Eventually all these forces, along with the real estate bubble of 2002-08, combined into a kind of chain reaction. Amazon committed to the area, as did the Gates Foundation. Vulcan found its stride and was dominant enough to provide a kind of master plan for the area. You know you have a new hot zone when Tom Douglas begins opening new restaurants every block!
It all adds up to an impressive story of urban densification. Here’s a summary from a recent report by Mike Mann on the area:
Between 2004 and 2010, the real estate development activities in Seattle’s South Lake Union neighborhood have exceeded the projections incorporated in Paul Sommers’ ‘The Potential Economic and Fiscal Impacts of South Lake Union Development’ report. Since 2004, the assessed value of newly constructed building exceeds $1.1 billion. In this time frame, the neighborhood has attracted over 13,000 permanent jobs, achieving over 72% of the City’s 2024 Comprehensive Plan goal for the South Lake Union Urban Center. This magnitude of construction and economic activity has resulted in an average of $5 million per year in additional tax revenues to the City of Seattle.
There are problems, not surprisingly. Traffic congestion is likely to be the main one, since the area badly lacks east-west corridors. One partial solution, two-way Mercer, is locked in controversy; another, more crossings over the Aurora gulch, depends on there being money from the deep-bore tunnel project. Another problem is the relentless seeking of high rents and the costs of all the new buildings, pushing out more characterful uses and jeopardizing the incubation aspects of the area. (Startups need low rent.) A third tradeoff is a kind of hollowing out of the old downtown, as new companies locate north and funky startups head for Pioneer Square and Fremont. Downtown is for lawyers and tourists.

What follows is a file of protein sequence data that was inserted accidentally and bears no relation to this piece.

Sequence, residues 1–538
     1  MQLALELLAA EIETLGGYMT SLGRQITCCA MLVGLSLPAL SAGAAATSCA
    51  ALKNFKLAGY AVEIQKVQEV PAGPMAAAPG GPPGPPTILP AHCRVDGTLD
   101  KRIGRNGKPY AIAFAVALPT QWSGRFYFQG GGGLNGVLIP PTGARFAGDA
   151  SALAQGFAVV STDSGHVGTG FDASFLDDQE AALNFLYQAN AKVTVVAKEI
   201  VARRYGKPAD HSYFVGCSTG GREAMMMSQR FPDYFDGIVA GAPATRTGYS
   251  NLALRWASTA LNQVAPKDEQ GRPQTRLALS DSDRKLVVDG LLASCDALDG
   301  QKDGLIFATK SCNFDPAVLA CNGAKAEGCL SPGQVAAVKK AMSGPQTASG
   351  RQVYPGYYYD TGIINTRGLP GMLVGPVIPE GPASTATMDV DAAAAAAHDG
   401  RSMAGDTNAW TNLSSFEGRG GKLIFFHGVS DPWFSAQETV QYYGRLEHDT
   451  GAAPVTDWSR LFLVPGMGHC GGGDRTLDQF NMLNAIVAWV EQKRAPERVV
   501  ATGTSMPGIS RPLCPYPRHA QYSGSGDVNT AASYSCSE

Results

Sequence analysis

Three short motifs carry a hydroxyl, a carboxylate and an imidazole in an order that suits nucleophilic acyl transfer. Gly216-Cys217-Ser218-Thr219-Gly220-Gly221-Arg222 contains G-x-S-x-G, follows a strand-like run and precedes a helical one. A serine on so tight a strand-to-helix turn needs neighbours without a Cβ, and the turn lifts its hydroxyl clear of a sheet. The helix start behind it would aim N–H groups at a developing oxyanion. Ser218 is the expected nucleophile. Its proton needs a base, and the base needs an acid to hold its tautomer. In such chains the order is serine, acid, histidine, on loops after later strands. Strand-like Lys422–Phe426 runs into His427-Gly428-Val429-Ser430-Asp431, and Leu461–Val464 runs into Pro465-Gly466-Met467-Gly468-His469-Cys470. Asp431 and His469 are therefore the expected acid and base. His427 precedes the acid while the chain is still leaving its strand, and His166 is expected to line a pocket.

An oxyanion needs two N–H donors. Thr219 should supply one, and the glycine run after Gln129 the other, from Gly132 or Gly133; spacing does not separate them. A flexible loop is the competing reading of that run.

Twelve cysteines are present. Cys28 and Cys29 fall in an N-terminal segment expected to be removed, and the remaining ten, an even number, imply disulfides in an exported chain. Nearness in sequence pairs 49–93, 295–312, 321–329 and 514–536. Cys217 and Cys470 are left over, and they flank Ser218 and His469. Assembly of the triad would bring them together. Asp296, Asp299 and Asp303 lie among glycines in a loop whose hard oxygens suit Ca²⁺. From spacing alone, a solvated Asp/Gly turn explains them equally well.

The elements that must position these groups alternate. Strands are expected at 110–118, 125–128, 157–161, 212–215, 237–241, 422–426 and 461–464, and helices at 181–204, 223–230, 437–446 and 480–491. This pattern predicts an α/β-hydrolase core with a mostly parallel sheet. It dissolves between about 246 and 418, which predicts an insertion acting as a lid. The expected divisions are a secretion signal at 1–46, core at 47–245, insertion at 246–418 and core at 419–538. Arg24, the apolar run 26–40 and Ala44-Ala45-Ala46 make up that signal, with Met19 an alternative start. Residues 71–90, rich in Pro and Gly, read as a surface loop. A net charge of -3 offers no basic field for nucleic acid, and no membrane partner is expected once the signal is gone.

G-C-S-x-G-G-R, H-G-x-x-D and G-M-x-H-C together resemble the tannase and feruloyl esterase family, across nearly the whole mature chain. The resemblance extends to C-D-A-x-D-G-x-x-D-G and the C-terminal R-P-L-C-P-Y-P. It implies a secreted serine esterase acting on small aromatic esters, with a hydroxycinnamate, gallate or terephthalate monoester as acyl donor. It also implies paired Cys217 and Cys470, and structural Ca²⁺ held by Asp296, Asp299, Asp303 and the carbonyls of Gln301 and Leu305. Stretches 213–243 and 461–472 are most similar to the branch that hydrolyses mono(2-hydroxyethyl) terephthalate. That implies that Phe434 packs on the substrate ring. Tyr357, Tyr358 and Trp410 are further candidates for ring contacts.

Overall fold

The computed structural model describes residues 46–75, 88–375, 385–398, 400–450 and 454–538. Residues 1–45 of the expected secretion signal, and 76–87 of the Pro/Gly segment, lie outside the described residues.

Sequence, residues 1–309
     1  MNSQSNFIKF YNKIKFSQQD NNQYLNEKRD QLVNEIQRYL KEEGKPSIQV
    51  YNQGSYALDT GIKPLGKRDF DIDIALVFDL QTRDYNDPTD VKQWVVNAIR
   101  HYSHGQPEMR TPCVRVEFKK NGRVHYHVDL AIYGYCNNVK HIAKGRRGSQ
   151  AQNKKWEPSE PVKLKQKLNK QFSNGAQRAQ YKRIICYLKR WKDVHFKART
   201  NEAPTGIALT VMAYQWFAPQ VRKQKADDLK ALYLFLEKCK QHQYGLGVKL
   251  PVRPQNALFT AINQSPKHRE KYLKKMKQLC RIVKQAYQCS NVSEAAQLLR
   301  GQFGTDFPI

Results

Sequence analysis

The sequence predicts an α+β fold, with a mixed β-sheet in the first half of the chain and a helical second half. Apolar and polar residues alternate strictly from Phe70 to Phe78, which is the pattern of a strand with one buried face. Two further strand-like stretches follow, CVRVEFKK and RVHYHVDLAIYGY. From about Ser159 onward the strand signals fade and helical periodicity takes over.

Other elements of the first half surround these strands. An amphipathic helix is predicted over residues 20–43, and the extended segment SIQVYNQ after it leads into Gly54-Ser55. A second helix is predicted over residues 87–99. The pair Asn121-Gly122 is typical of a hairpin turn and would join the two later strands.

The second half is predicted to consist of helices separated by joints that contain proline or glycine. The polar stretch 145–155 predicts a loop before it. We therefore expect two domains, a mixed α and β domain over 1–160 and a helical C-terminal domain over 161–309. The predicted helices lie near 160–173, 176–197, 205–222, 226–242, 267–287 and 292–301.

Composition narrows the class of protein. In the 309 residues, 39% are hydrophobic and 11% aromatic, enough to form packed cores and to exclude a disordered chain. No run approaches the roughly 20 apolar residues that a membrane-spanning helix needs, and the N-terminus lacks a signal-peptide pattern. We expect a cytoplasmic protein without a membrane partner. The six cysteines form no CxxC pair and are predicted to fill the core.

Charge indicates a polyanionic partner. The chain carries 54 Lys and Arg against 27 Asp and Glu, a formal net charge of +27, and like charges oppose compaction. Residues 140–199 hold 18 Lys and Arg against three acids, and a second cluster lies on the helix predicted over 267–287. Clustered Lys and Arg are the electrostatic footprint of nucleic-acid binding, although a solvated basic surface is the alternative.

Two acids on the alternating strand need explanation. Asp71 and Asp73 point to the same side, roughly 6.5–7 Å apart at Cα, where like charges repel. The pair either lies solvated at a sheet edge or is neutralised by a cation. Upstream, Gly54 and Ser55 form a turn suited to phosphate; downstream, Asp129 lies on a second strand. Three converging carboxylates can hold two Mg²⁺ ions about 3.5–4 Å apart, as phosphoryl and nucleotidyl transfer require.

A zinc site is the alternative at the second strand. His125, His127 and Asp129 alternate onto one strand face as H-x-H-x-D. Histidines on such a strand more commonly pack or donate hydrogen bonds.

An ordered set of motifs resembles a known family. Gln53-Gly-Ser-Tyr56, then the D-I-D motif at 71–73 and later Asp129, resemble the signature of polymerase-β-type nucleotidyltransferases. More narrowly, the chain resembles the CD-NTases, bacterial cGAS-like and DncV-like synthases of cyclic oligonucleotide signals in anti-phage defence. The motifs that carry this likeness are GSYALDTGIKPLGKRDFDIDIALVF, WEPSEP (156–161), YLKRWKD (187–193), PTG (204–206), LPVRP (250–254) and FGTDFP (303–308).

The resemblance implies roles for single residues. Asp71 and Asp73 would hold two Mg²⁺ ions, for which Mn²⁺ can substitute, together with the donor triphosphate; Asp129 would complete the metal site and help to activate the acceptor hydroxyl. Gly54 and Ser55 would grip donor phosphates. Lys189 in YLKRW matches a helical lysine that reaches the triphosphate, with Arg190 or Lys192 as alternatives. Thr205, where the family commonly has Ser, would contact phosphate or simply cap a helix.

Still, what city wouldn’t want to have this kind of smart urban densification? Who wouldn’t want the parade of the world’s leaders to the Gates Foundation and nearby hotels and watering holes? What could possibly be wrong with concentrating brains and technologies in a fairly coherent neighborhood?
There’s an echo of this story of leapfrogging downtowns taking place on the Eastside. Bellevue has built up an impressive 20-block downtown, with major mall, handsome park, hotels, Microsoft-filled office towers, condos, and commercial spaces. But there is pressure to build a Greater Bellevue by leaping over I-405 and building transit-oriented projects along the Sound Transit route in the Bel-Red corridor leading to Microsoft.
Some, like Bellevue Square developer Kemper Freeman, argue for concentration and build-out of the core. His allies on the city council, fiscal conservatives wary of spending tax money on infrastructure for the expanded downtown, agree. Others, including Microsoft and developer Wright Runstad, push for an expanded Bellevue, in part to capture some of the businesses that South Lake Union is nabbing and to house such big-city features as an arena for major league hockey and basketball teams. The fight over Sound Transit’s coming to the Eastside, which Freeman-backed I-1125 would jeopardize, is a proxy battle in this bigger war.
It’s an intriguing debate. Curiously, such a debate does not seem to have been waged in Seattle, where leapfrogging comes naturally. Nor is it a debate, I think, that the CBD compacters can really win. The market forces for leapfrogging out to cheaper land and then upzoning it to a new, highly valued node of activity are normally too strong for politicians, planners, or “downtown establishments” to stymie. I suspect this pattern is also one of the reasons that Seattle has been able to continue growing and generating jobs and taxes and world-beating companies.